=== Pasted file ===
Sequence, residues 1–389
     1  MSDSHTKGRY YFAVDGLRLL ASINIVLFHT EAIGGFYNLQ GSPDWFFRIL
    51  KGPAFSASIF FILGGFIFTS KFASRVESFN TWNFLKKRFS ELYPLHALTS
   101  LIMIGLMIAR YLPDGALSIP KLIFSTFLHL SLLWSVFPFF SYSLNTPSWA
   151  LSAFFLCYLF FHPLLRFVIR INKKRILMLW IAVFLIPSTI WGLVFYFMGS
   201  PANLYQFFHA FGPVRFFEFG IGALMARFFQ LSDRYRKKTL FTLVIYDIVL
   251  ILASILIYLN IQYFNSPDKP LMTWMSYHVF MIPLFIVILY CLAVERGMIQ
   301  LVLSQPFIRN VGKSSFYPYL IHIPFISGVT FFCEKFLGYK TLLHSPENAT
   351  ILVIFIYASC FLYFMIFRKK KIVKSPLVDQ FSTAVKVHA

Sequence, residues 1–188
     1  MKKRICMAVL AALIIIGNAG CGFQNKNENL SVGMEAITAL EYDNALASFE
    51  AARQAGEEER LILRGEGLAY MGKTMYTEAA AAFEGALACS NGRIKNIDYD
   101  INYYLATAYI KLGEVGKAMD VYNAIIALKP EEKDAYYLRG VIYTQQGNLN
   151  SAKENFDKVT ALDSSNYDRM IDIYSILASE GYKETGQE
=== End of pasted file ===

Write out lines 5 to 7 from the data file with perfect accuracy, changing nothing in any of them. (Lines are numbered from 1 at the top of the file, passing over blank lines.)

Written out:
   151  LSAFFLCYLF FHPLLRFVIR INKKRILMLW IAVFLIPSTI WGLVFYFMGS
   201  PANLYQFFHA FGPVRFFEFG IGALMARFFQ LSDRYRKKTL FTLVIYDIVL
   251  ILASILIYLN IQYFNSPDKP LMTWMSYHVF MIPLFIVILY CLAVERGMIQ